REVIEW: The Spire #2

Writer: Simon Spurrier
Artist: Jeff Stokely
Colorist: Andre May
Letterer: Steve Wands
Editors: Eric Harburn and Cameron Chittock
Designer: Kelsey Dieterich
Publisher: BOOM! Studios

The Spire is set in an apocalyptic wasteland filled with a deadly atmosphere that its namesake city is a refuge from. The people of the Spire are preparing for a meeting with the “sculpted,” beings hinted at being artificially created to withstand the outside conditions, during the swearing in of a new baron the following day. However, a rogue assassin infiltrates the city, murdering several and leaving behind a peculiar and gruesome MO. Meanwhile the Zoarim, an archaic and bitter faction of religious zealots, cause trouble outside of the city walls. Everything is falling into chaos and Sha, the heroine of the story, is left to discover who is behind the attacks on the Spire.

The story of this comic is well crafted and layered with lore regarding the origins of the peoples, the structures, and the conflicts without shoving the details into the reader’s face. Simon Spurrier makes relatable characters with believable interactions that help the outlandish setting feel more natural and familiar. The art in The Spire is also very palatable. Jeff Stokely’s linework is simple and impressionistic, helping to aid the fantasy feel of the title. May’s colors are bright without being gaudy, containing just the right amount of shading and texture to drive home the decay of this world. All in all, the Spire is artistically solid, and said art might be one of the better selling points of the comic. The lettering in the issue does initially come off a bit wonky, mostly due to the balloons’ stark contrast to their softer background, but they do not detract from the overall work.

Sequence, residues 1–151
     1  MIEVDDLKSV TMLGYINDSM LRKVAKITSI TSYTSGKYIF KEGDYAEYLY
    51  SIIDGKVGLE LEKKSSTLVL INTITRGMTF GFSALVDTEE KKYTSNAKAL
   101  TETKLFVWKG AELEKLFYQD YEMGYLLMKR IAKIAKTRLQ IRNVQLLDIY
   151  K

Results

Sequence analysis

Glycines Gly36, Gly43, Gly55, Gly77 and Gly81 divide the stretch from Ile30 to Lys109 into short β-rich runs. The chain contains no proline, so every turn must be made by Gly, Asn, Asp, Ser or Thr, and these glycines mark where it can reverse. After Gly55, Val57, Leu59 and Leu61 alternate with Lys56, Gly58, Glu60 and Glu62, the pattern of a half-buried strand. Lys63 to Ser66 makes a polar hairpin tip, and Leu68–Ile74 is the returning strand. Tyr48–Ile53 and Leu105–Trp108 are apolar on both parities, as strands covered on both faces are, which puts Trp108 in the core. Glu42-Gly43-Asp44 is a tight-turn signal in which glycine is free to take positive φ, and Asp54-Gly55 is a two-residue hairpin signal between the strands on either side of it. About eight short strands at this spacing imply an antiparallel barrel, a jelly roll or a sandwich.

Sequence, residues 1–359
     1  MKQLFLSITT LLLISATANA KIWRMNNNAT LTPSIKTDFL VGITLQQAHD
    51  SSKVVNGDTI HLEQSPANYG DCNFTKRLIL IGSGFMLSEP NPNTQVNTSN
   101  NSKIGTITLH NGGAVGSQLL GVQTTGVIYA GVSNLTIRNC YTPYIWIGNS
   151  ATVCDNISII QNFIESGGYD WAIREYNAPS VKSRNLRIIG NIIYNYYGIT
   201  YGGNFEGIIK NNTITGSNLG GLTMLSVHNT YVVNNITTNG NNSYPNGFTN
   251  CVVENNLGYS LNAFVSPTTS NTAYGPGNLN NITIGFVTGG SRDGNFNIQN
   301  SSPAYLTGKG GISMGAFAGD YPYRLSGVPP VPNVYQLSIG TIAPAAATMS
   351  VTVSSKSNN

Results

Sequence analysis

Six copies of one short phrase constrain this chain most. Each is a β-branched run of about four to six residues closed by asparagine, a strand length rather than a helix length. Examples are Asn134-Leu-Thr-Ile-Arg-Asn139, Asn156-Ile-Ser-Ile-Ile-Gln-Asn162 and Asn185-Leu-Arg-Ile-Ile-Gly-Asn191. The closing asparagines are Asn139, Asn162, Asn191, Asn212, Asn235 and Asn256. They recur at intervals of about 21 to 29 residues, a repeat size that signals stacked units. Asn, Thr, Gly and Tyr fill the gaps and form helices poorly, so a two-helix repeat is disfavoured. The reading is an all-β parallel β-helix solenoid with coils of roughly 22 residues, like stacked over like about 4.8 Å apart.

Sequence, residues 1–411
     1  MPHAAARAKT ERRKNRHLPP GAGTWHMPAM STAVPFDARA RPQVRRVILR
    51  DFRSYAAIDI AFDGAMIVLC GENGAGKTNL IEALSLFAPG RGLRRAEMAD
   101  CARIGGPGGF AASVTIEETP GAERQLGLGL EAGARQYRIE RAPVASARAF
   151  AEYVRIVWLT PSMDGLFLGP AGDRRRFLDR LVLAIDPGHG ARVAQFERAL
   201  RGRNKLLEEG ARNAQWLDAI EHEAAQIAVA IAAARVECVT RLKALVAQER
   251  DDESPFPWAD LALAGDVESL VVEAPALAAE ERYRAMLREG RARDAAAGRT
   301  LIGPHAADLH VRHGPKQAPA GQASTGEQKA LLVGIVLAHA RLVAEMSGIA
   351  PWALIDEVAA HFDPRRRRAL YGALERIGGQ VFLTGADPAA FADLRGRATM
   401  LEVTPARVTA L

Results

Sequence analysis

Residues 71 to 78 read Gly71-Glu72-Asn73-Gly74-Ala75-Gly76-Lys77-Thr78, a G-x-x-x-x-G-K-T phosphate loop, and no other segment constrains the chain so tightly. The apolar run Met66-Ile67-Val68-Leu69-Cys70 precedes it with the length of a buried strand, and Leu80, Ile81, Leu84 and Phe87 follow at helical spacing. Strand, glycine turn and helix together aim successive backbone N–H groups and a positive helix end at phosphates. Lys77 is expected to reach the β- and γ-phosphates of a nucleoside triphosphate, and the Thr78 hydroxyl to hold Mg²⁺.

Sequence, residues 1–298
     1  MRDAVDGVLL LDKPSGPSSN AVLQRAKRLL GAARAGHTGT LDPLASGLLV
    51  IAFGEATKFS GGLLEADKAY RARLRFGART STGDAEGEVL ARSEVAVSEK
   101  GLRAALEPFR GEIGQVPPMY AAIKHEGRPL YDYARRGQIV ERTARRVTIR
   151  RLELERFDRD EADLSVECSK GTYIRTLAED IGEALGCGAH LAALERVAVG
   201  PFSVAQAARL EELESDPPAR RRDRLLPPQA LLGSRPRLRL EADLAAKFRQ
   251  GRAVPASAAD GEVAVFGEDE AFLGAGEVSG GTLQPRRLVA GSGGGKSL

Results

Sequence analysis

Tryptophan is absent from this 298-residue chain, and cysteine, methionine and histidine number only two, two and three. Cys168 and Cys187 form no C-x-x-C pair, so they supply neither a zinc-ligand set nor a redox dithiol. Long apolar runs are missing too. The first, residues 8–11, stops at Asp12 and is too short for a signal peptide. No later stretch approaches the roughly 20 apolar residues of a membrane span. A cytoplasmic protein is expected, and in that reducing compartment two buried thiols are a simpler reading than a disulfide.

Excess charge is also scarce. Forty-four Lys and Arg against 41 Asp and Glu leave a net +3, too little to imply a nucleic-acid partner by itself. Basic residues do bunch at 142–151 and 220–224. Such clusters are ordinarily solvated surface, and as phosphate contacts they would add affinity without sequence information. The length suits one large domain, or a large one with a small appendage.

The Spire #2 is a fun read and the world is definitely worth exploring. I would recommend it to readers who enjoy complex fantasy or apocalyptic landscapes as a title to keep up with. It has a promising premise and is solid on all fronts. Besides that, those not familiar with Spurrier’s past works should expect quite a bit of character development and exploration.

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